Admitting Denial

DzdgFAeXcAAiTMq.pngIt’s funny because it’s true. If you agree it’s because you know.

If we were to talk about the elephant on the page, what color would it be? The funny truth so succinctly portrayed is that writing is a consuming obsession.

The man in the picture may have at least two obsessions, two powerful habits that impact his life and perhaps those around him, but why is it that only one of them is generally acknowledged as a bad habit? Only one of his habits has a tried and true twelve-step program that has been adapted and adopted by other quitters of other bad habits and depravities. Yes, he can find support and counseling for his addiction to alcohol and even his compulsive gambling. But his compulsive writing? All bets are off.

His inclination, (he might say destiny) is to seek other writers, (some might say enablers). Unlike the group he met with over his other addiction, this group is not at all alarmed for him when he admits to voices in his head. “Write on!” they say. They are not concerned when he admits to not attending fully to his day job, the pay job, because of his preoccupation with writing. They nod and smile knowingly when he talks about a recent all-nighter when he wrote pages and pages of gibberish. “There’s some gold in there,” they encourage. “Glean it, spend another night or any stolen time and revise it. Write on!” They all joke about their wild antics, writing on napkins in restaurants, about looking as if they are taking notes in meetings when really they are drafting a novella that just came to them. They all know first hand that writing is a distraction to the lives they are expected to live. They know that it is highly unlikely that writing will ever improve their finances. Yet they applaud our pictured writer when he admits he’s thinking of leaving his day job (the pay job) so that he can attend more fully to his writing addiction. “Yes! Go for it! Write on!”

I ask you, dear Writers, why are writers not taken in hand by their loved ones and committed as other addicts might be, for their own good? I imagine you’ll tell me something about discovery versus recovery, but please do tell me.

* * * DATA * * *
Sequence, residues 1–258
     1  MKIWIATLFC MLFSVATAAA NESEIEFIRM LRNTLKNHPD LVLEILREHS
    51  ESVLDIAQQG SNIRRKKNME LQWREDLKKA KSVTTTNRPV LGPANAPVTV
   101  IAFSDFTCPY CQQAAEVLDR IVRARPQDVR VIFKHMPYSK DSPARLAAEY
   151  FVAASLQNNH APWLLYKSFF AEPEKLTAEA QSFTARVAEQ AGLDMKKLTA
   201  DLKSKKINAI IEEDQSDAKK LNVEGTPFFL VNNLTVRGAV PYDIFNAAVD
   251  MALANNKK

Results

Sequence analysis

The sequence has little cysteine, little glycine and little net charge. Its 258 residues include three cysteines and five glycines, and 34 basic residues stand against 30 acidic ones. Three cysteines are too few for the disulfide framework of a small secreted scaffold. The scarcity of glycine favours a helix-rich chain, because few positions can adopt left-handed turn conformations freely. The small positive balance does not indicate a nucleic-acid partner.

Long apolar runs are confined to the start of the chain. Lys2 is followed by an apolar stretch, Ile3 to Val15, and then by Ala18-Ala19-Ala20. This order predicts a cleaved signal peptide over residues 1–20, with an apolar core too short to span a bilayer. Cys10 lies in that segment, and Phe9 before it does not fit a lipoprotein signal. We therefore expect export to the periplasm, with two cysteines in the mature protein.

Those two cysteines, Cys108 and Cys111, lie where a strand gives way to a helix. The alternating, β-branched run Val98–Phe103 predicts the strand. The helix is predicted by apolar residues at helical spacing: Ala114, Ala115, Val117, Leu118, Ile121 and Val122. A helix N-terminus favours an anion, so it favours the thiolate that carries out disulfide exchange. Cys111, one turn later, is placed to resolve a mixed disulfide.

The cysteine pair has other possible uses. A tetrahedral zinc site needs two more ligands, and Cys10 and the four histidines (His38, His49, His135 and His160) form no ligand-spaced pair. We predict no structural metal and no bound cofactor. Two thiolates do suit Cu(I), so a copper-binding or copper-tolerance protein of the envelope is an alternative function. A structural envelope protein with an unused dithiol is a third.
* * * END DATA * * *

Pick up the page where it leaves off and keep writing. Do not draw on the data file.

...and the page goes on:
24 thoughts on “Admitting Denial

  1. Ha! This is a great one, D. I’ll be pondering the answer to your question all day. Or maybe much, much longer. In my case, I think it’s because my husband likes seeing me quietly occupied in another room, leaving him to his own devices for hours on end. Suits him, and I guess it suits me. 😀 But truly, it is one of those lifelong addictions that you either frustrate yourself by denying, or lose your mind completely by jumping in feetfirst and never resurfacing again. (Of course, it might have been an easier choice for me, since I didn’t have a day job (the pay job.) 😀

    Liked by 1 person

      • Good point. I’m pretty sure I did lose my mind years ago, and you could be right that I’ve only found it again since I started writing. I’ve examined it thoroughly, and it doesn’t seem too much the worse for wear, probably because it didn’t get much use all those years it was lost. I’m making up for that now, though, as I sit here pouring words out onto the virtual page every day, communing with fictional people who are usually more entertaining than real ones, and traveling in make-believe worlds. All in all, I think I’m ahead of the game. 😀

        And yes, my husband and I have a system that works surprisingly well these days. 😀 Even as I type, he’s drinking coffee in the living room and watching reruns of movies that weren’t all that great the first time around, while I’m sitting in the library staring at a whole different kind of screen. 😀 OH, well. At least at the end of the day, I have a book (or six) to show for my addiction. 😉 That’s gotta mean something, right?

        Liked by 2 people

  2. 🙂 Very funny to read through, D. Since I can relate (yet also am an introvert), I smiled aloud several times.

    You know that our loved ones don’t commit us because we’d scribble stories across the padded walls with our toes.

    There’s nothing stopping us but a house payment. May as well embrace it.

    Liked by 3 people

  3. Something else is needed with the other addictions (alcohol, drugs, some one with whom to gamble, have sex).Writing is truly solo, it costs as little as a pencil and notepad, it doesn’t damage one’s vital organs and if you use a pencil there are no risk of stains… I think they are wise to let us stay put in our quiet little corners

    Liked by 1 person

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